“Give a man a fish, feed him for a day. Teach a man to fish, feed him for a lifetime.”
The sentiment behind this ancient Chinese proverb is the driving force behind a new study that aims to reduce childhood obesity among modern-day Latinos.
Instead of simply providing families with heart-smart shopping lists and recipes, Dharma E. Cortés, Ph.D., a health researcher and instructor at Harvard Medical School and at the Mauricio Gastón Institute at the University of Massachusetts in Boston, wants to teach parents of limited means how to identify and prepare healthy foods on a daily basis.
“We’re trying to teach families how to build a plate in a healthy way every time they serve a meal and how to transfer that knowledge to their children,” says Cortés, who is currently completing a research project sponsored by New Connections, a national program of the Robert Wood Johnson Foundation (RWJF) that is designed to enhance diversity.
Cortés, a Latina, is focusing her efforts on Latino communities because they have higher rates of type 2 diabetes—often caused by obesity—than other demographic groups. And those numbers are on the rise: About one in five Latino children is overweight, a number that has doubled in the last decade, she says.
Latinos, she adds, face especially high barriers to healthy food and nutrition information due to limited English proficiency, cultural habits and high rates of poverty.
Cortés won a grant to pursue the project in July from Salud America!, a national network of researchers, community leaders, policy-makers and other stakeholders who are working together to increase the number of Latino scientists seeking environmental and policy solutions to address Latino childhood obesity. The network was established in 2007 and is funded by RWJF.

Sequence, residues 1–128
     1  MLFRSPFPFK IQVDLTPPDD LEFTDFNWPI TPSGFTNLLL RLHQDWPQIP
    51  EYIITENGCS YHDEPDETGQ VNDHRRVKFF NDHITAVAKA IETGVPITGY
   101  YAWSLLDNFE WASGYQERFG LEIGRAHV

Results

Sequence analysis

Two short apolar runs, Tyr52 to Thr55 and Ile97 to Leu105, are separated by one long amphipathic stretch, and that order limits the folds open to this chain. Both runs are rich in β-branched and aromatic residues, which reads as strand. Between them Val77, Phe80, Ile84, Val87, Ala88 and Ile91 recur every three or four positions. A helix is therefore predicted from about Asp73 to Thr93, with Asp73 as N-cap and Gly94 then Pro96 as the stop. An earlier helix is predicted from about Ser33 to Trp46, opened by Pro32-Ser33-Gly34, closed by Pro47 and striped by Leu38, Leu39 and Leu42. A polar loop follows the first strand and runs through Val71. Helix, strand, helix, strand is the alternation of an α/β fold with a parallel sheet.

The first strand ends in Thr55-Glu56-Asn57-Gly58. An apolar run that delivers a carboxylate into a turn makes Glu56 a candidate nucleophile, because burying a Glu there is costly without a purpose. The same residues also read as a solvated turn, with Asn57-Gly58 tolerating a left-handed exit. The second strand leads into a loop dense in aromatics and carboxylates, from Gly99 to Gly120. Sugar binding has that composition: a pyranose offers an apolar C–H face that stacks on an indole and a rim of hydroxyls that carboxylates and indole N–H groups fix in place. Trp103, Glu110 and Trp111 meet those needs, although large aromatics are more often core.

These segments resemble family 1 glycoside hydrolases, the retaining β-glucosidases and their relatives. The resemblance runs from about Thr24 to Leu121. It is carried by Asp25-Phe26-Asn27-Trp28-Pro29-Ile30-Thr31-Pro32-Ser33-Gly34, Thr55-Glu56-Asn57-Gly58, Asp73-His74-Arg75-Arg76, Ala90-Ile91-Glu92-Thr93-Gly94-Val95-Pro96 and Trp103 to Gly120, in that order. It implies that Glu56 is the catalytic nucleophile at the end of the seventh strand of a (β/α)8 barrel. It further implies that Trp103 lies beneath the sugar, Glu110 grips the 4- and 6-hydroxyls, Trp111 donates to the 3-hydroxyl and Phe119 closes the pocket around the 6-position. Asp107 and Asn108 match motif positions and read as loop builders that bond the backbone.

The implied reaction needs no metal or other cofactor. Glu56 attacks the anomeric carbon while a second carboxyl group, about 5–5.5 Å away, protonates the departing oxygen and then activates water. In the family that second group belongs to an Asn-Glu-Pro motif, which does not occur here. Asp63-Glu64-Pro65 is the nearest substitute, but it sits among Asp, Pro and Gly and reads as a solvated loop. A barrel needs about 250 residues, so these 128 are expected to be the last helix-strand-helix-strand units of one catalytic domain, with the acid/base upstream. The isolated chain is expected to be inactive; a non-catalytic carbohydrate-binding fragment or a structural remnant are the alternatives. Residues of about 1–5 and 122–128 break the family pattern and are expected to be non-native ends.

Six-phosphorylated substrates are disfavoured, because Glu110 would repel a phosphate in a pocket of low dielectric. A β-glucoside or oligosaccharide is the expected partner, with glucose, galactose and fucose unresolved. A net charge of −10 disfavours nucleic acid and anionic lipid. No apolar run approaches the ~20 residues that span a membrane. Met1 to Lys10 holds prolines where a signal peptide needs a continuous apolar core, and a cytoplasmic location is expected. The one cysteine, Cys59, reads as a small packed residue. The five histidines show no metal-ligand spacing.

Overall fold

She also is completing a research project funded by the Foundation’s New Connections program that examines the impact of the 2006 Massachusetts Health Care Reform law among Latinos. Even though all of the individuals she studied now have health insurance, many still consider themselves underinsured because they cannot afford the cost of co-payments for routine visits, medications and emergency care, she found.
Study Seeks to Help Families with Limited Budgets, Food Options
In her upcoming project, Cortés will conduct an initial interview of 20 Latino families in a Latino community in Lynn, Mass., a small manufacturing and commercial city in the northeastern part of the state. At least one parent in each family has type 2 diabetes, increasing the likelihood that children in the family will also develop the disease.
Over the course of the two-year study, she will give each family $50 and ask them to purchase food for breakfast and lunch and analyze the grocery store receipts. After that, a dietician will teach the families how to purchase and prepare healthy food.
Cortés will follow up after the education intervention to see if the families in the study changed their eating habits. She also plans to create an area map of local stores with healthy food choices and engage children with photography or photovoice projects.
“The idea is to see how feasible it is to teach families with limited budgets and limited options to purchase healthier food,” she says. The goal, she adds, is to use lessons learned from the study to inform social marketing strategies to promote healthy eating in low-income Spanish-speaking families.
And that, she hopes, will someday benefit all Americans.
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